If large seasonal components imply strong control of phytoplankton variability by annual climatology, then what determines the relative strength of climatologically driven forcings versus those that fluctuate over shorter and longer timescales? One determinant appears to be latitude, because SDm is strongly positively correlated with the absolute latitude (correlation coefficient \( \rho = 0.40,\ p < 0.001,\ df = 82 \)). This result is consistent with Cushing’s (1959) iconic depiction of phytoplankton seasonal patterns that are damped near the equator but grow in amplitude at high latitudes. However, definitive determination of a latitude effect will require observations from tropical and subtropical sites because our compilation includes no Chl-a series below absolute latitude 22°.

Event-Scale Variability

The largest component of chlorophyll variability is the residual (Fig. 4c), which measures sources of variability that cannot be attributed to an average seasonal pattern or fluctuations in the annual mean. This term can be large where the seasonal pattern changes strongly from year to year. As well as true deviations from a long-term average seasonal pattern, the residual component also includes variability associated with sampling errors that can be large when single measurements are used as estimators of monthly mean Chl-a concentration. Phytoplankton communities and biomass change on many scales at the same time (Li et al. 2009). Large changes can occur at timescales shorter than a month (e.g., Abreu et al. 2009), and monthly scale changes in Chl-a can arise from processes operating at shorter timescales (Lucas and Cloern 2002). Sampling at monthly or even weekly frequency imposes constraints on the scales at which variability can be resolved and provides indices of monthly variability that have potentially large errors (Jassby et al. 2005). A third contribution to the residual component that is not an artifact of sampling frequency is the occurrence of singular events of exceptionally high biomass, such as red tides. These events contribute to the spikiness apparent in some time series (Fig. 1), and the decomposition technique isolates these events so they can be visualized (Fig. 3). Sites having the largest residual component of Chl-a variability (Fig. 4c) are, in fact, high-nutrient habitats in which red tides or other exceptional blooms develop in response to weather events, such as coastal waters of Hong Kong (Yin 2003) and the Neuse River (Paerl et al. 2004). Sites having the smallest residual component are low-nutrient coastal waters such as the Gulf of Aqaba, Villefranche Bay, and rade de Brest. Therefore, although the residual includes multiple sources of variability, it does appear to index exceptional bloom events that can only develop when nutrient stocks are high.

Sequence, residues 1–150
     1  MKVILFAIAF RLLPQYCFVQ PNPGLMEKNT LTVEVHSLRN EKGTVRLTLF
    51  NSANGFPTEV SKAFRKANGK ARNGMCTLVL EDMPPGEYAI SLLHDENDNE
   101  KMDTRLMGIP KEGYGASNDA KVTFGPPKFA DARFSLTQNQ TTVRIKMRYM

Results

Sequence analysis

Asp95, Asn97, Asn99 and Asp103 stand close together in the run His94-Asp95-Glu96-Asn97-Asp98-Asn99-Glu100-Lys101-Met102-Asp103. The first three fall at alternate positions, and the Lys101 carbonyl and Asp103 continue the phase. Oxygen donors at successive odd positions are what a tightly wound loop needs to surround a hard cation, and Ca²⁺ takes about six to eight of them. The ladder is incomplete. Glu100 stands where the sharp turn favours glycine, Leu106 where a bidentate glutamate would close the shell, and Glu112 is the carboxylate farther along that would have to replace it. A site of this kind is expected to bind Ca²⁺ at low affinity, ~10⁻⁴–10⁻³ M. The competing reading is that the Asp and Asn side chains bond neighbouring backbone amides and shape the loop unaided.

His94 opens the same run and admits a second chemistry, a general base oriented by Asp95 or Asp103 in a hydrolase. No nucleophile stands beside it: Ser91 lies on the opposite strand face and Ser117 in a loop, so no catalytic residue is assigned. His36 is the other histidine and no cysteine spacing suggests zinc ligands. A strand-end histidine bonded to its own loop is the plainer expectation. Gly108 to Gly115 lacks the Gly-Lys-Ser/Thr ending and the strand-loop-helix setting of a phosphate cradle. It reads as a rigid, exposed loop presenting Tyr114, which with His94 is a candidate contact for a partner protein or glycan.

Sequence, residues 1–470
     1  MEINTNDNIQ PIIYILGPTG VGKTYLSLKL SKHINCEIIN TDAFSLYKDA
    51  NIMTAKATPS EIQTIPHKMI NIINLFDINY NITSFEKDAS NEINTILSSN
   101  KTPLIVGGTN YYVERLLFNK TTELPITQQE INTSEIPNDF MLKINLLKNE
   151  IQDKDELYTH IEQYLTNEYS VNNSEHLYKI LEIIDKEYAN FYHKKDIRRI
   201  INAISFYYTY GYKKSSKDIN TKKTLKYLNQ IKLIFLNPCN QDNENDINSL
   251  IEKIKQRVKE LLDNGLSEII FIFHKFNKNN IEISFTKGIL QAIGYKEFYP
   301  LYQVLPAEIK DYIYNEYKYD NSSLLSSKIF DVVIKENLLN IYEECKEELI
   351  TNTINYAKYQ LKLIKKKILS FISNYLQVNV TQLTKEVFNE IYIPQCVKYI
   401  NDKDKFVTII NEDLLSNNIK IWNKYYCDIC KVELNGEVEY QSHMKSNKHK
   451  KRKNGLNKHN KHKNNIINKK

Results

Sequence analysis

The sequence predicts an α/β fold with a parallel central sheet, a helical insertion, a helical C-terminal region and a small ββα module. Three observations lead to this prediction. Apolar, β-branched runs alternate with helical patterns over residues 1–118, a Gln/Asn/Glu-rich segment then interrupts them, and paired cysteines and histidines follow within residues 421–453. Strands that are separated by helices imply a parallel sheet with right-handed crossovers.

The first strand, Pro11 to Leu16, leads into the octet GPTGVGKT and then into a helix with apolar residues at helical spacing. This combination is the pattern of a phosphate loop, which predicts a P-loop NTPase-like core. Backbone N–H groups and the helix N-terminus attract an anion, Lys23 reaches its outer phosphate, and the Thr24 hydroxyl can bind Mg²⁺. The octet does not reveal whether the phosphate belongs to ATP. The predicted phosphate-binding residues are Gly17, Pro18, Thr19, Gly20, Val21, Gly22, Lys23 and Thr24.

A Conceptual Framework

Ecologists expect to find some common structure to biological dynamics across similar ecosystems, but the dispersion of patterns depicted in Fig. 5 shows little structure to phytoplankton variability in estuarine–coastal ecosystems. Instead, these results show that the relative importance of variability at three timescales follows continuous distributions that cannot be classified into a small set of common behaviors. The three components of variability are uncorrelated, so position of a site along each continuum is independent of position along the others. Position along each continuum is determined by the relative strength of processes operating at timescales of years, months, or events. Case studies presented above suggest the hypotheses that: position of a site along the X-axis of Fig. 5 is a measure of disturbance from human actions or climatic shifts; position along the Y-axis is a measure of the relative strength of forcings associated with the annual climate cycle; and circle size is determined in part by the degree of nutrient enrichment. We propose this conceptual framework as a starting place for the next step of comparative analyses to identify the dominant processes and timescales of phytoplankton variability at individual sites. Ultimately, site-specific mechanistic understanding of phytoplankton dynamics is required to explain why the patterns are so diverse and to understand the ecological significance of this diversity.



We express our deep appreciation to the many scientists and program managers (listed in Table S1) who generously shared data sets that allowed this comparative analysis. This research was supported by the US Geological Survey Toxic Substances Hydrology Program and the National Research Program for Hydrologic Research. ADJ is also grateful for partial support of this research by the California Department of Water Resources (contract 4600004660).

Supplementary material

12237_2009_9195_MOESM1_ESM.pdf (160 kb)
ESM 1(PDF 159 kb)


  1. Abreu, P.C., M. Bergesch, L.A. Proença, and C. Odebrecht. 2009. Short- and long-term chlorophyll a variability in the shallow microtidal Patos Lagoon Estuary, southern Brazil. Estuaries and Coasts. doi:10.1007/s12237-009-9181-9.Google Scholar
  2. Alpine, A.E. and J.E. Cloern. 1992. Trophic interactions and direct physical effects control phytoplankton biomass and production in an estuary. Limnology and Oceanography 37: 946–955.Google Scholar
  3. Borkman, D.G. and T. Smayda. 2009. Multidecadal (1959–1997) changes in Skeletonema abundance and seasonal bloom patterns in Narragansett Bay, Rhode Island, USA. Journal of Sea Research 61: 84–94.CrossRefGoogle Scholar